This traditional Purim pastry is somewhat contentious.
Arguments often spring up over various desserts. Is the Twinkie or the Ho Ho better? Should Thanksgiving dinner include pumpkin pie or pecan? Pudding or Jell-O?
But none of these arguments are, when you get right down to it, particularly serious. Not so with the various discussions that can swirl around the topic of hamantash, a pastry which is traditionally eaten during the Jewish holiday of Purim.
Purim is a Jewish holiday that celebrates the deliverance of the Jews from destruction after a plot by Haman, the main antagonist in the Book of Esther. The holiday is, in many ways, dedicated to cursing the name of Haman, vigorously, out loud, and often with the assistance of noisemakers.
The observance of Purim involves, among other things, a large feast which is preceded by a fast. Hamantaschen are one of the traditional foods eaten during this feast. The name of the pastries varies, but translates to either "Haman's pockets" or "Haman's ears," depending on the language.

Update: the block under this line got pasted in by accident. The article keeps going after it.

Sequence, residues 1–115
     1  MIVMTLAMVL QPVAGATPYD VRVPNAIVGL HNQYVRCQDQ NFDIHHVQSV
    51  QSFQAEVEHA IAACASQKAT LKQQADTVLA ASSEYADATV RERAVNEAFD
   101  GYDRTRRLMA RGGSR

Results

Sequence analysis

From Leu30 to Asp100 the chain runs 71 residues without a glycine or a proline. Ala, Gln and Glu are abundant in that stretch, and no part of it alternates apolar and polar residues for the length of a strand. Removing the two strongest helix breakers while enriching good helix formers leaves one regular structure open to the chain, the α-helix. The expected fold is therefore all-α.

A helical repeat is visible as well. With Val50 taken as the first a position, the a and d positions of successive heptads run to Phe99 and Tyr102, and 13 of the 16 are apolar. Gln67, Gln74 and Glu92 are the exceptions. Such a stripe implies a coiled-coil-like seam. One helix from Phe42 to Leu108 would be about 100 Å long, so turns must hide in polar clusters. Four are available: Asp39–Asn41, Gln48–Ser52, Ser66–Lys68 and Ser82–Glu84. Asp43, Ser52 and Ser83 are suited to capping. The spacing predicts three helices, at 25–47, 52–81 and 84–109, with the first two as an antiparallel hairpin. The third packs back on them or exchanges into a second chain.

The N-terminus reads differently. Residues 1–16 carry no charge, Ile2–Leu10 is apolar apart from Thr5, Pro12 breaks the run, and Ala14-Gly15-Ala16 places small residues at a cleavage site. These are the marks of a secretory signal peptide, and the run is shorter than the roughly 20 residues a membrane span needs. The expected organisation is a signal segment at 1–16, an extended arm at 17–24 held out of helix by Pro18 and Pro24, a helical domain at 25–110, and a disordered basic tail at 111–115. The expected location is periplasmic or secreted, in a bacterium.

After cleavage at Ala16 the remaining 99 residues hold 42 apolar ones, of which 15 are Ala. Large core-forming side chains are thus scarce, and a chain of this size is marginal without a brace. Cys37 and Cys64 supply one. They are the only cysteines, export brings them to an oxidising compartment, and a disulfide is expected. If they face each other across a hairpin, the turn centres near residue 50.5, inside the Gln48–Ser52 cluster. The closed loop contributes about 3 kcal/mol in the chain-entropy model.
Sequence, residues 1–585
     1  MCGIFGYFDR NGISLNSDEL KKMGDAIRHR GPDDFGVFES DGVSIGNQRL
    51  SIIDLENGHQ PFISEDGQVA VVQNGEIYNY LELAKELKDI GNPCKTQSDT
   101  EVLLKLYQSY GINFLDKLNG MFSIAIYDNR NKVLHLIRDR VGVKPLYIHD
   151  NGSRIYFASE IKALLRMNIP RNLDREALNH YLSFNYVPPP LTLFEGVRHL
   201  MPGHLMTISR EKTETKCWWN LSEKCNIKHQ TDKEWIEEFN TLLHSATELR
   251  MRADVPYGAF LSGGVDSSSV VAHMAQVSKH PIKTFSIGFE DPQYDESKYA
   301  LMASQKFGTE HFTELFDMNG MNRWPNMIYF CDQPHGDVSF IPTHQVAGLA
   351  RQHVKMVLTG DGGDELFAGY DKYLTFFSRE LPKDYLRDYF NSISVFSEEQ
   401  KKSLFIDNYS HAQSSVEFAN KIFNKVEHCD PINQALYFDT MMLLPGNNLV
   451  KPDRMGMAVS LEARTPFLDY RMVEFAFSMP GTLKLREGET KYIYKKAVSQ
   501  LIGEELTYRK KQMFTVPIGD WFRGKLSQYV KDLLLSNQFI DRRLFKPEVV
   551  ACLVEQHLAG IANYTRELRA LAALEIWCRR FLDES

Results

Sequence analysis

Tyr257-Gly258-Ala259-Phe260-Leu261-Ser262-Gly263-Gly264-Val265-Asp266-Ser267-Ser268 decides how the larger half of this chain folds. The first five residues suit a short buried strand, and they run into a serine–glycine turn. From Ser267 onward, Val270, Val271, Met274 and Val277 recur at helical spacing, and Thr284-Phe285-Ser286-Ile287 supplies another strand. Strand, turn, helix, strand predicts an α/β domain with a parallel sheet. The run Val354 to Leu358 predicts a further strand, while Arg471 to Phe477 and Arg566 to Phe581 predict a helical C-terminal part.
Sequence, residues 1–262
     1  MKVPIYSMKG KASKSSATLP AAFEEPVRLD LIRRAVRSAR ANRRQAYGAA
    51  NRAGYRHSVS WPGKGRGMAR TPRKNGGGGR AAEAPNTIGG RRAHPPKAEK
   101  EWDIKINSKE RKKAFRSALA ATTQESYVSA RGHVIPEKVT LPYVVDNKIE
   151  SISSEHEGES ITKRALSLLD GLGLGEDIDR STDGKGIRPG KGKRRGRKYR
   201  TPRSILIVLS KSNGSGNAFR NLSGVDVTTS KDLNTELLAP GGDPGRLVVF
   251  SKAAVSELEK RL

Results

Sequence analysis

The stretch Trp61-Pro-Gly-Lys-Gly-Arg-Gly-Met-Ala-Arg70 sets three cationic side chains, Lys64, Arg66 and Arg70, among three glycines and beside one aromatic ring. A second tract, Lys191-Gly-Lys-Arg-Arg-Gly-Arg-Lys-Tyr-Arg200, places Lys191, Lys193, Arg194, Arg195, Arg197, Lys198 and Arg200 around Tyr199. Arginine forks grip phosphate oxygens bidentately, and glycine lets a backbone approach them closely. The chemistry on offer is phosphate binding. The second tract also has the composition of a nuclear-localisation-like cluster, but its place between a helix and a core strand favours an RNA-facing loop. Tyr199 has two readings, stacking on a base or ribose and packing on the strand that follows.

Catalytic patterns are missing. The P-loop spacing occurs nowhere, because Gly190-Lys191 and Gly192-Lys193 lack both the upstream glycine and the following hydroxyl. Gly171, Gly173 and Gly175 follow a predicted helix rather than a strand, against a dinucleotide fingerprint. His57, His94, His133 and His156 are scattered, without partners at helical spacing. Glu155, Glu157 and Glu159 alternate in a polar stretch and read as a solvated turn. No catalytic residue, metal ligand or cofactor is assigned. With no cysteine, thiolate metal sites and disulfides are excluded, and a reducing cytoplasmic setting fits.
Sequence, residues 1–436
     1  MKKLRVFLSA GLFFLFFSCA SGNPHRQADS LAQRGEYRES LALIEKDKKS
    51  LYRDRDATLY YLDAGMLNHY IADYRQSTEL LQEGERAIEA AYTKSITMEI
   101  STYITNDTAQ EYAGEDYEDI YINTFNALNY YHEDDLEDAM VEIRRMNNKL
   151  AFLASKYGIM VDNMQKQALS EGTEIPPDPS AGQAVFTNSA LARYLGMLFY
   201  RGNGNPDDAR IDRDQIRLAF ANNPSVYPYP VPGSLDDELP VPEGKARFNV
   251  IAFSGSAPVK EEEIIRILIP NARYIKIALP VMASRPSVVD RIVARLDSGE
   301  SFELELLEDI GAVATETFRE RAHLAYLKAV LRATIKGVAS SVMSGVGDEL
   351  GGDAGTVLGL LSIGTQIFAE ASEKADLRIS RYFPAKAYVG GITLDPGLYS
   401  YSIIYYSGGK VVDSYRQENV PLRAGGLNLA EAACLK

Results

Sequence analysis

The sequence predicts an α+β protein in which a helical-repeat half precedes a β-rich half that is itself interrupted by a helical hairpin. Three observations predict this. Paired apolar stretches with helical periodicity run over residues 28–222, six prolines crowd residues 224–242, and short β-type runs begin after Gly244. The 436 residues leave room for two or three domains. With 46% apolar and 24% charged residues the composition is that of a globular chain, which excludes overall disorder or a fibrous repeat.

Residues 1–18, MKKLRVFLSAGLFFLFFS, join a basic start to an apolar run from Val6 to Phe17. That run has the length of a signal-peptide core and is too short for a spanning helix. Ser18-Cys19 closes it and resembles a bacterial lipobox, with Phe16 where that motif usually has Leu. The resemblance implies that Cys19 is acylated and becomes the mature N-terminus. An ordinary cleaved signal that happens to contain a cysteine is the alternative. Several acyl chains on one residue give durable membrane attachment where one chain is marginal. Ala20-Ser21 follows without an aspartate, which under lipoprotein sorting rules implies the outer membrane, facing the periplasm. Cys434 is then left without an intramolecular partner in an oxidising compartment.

A gruesome back story for such an inoffensive dessert. Hamantaschen are basically a circle of pastry dough folded up into a triangle, with a dab of filling inside. The most traditional filling is a poppy seed paste, but other common fillings include prunes, jam, chocolate, cream cheese, and more.
Imagine a cherry Danish, but smaller, and less sticky, and you're getting close. It must be said that the appeal of the hamantash is a subtle one. This is a dessert which is best made at home, or purchased from a trusty bakery. You can buy mass-market hamantaschen, but they are liable to be dry, dusty and bland. It makes me thirsty just thinking about it.
The holiday of Purim is also dedicated to sending gifts of food to friends and donating charity to the poor. But the roots of the holiday are undeniably violent, which makes it a somewhat contentious issue in many circles. A Slate article a few years back said that Purim "carries a veneer of boisterous and innocent fun overlaid on some gruesome history."
At the very least, that gruesome history should not involve your cookies. If you want to try your hand at making fresh hamantaschen, this recipe is probably a great place to start. It uses a buttery, shortbread-like cookie dough as its base, and while it seems somewhat more labor-intensive than most cookie recipes (do you really want to grind your own poppy seeds?) it could be a great family activity. (And a great opportunity to tackle some of Purim's tougher questions while you're all engaged in a nice bit of baking.)